"We had never worked with a spirits brand in this way so we were extremely excited to be approached by The Macallan to work on this kind of project. Right away, we knew that a brand that was approaching us in this way was forward-thinking and innovative which of course made this idea even more interesting."

Choosing the color for Edition No. 5 wasn’t as simple as looking at a swatch and choosing the most appealing one — as expected from both The Macallan and Pantone, the process was equal parts complex as it was collaborative and purposeful, as Pressman explained:

"During my visit to the distillery, I was already thinking the purple family would be the right direction to take, however, we also felt it was important to explore other color options with the team so we could really dig in to all of the different color meanings and how they could be used to convey a brand message. The other colors included a more neutral taupe like shade, a vibrant teal blue and a fresh, though not overwhelming yellow green.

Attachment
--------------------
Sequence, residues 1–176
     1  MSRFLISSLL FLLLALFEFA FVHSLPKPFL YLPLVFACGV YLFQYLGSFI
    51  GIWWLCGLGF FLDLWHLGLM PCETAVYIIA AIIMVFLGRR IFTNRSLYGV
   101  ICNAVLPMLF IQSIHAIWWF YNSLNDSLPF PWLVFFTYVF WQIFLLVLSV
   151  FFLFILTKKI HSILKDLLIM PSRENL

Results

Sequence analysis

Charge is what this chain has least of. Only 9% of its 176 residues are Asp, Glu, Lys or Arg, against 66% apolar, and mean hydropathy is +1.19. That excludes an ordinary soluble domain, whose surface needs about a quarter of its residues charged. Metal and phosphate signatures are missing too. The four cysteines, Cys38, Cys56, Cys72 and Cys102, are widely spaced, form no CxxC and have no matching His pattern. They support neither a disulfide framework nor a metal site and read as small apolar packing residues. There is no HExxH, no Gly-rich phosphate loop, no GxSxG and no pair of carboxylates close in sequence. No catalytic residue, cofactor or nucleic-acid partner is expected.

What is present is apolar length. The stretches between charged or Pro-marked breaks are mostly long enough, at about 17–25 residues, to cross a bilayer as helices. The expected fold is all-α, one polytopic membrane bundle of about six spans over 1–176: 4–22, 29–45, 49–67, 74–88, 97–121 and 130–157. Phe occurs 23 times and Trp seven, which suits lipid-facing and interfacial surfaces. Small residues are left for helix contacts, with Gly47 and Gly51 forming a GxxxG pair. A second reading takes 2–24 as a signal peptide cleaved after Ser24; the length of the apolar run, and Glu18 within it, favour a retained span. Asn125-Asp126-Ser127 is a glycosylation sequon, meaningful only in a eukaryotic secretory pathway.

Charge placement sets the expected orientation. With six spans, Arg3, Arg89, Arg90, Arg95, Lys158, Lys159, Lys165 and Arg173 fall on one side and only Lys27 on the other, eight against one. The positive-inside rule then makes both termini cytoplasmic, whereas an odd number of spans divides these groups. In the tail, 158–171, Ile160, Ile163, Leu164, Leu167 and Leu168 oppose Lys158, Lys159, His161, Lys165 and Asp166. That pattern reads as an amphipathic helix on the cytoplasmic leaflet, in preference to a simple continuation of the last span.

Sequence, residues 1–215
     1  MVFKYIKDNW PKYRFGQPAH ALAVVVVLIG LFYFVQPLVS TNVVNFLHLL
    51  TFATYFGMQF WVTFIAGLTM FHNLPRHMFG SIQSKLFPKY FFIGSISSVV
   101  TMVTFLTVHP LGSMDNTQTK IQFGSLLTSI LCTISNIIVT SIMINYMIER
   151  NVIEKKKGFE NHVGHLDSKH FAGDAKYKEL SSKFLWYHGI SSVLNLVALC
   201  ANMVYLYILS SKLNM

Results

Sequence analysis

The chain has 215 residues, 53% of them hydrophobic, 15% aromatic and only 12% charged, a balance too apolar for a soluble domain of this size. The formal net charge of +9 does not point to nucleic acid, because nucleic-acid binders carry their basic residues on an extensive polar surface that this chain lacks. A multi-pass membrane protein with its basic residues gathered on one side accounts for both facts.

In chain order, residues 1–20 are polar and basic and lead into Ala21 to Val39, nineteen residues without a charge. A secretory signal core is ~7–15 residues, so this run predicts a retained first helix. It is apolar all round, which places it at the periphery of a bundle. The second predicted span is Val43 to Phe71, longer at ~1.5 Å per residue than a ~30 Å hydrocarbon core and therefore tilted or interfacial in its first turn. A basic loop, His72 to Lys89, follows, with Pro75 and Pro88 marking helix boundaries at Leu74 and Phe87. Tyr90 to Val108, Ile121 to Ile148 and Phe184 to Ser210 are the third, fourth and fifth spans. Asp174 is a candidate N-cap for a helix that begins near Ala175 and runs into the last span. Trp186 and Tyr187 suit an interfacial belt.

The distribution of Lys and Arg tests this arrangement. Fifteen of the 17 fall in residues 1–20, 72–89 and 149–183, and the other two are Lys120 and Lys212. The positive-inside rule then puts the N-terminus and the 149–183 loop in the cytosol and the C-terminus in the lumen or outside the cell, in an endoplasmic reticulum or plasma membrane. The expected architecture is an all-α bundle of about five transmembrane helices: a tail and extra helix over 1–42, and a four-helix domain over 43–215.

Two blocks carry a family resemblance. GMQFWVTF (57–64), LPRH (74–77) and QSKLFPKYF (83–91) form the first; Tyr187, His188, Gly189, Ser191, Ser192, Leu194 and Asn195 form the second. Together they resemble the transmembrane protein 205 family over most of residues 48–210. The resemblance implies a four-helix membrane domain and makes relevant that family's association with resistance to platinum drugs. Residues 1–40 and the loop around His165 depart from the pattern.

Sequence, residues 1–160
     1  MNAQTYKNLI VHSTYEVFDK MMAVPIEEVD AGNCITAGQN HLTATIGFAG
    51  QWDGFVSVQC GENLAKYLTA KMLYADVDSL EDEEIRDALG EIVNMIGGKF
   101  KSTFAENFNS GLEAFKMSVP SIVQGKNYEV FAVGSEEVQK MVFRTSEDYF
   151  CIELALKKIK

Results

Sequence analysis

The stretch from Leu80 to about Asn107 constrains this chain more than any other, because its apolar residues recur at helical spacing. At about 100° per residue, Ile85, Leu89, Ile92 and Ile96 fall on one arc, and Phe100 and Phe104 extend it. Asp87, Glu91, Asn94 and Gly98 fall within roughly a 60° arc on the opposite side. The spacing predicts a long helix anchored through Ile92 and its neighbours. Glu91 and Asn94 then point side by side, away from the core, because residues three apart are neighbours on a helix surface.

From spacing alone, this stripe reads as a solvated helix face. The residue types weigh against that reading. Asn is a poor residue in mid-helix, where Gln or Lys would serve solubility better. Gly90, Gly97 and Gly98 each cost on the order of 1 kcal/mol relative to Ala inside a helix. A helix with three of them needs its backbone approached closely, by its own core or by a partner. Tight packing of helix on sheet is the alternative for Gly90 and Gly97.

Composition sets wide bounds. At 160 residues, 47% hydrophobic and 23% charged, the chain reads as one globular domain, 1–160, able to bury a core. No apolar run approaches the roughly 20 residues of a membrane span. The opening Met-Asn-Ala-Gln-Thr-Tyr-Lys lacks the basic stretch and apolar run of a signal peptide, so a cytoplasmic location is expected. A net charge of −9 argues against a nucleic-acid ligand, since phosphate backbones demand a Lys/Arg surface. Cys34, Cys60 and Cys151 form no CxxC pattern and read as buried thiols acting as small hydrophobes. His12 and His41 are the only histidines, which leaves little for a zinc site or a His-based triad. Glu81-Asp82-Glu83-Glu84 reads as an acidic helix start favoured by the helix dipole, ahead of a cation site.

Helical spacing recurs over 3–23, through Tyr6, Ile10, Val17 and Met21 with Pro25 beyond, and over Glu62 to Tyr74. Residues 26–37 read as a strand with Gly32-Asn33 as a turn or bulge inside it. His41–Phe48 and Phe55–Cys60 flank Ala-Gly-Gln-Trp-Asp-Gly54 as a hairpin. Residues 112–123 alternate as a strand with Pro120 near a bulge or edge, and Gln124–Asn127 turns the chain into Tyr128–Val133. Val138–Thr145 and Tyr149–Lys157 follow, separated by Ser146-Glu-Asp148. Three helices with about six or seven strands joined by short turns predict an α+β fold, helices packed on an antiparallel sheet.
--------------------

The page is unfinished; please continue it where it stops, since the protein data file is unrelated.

We wanted to select a color that would not only convey the complexity of the whisky but also could convey the uniqueness of what The Macallan had to offer. A blend of blue and red, the purples are the rainbow’s most complex color. It is a color family known for being creative, non-conforming, intriguing and innovative and at the same time, a color family known for prestige and heritage. A unique combination of qualities that all spoke to The Macallan whisky and certainly to Edition No. 5. We specifically opted for a red-based purple as the reds bring the passion and excitement to purple – something we felt was important. And the red-based purples also make for a more magnetizing appearance and create greater dramatic impact – something we thought would be especially important for standing out. And lastly, we loved the idea that this would be unexpected– a feature that spoke to the taste of Edition No. 5 being unexpected."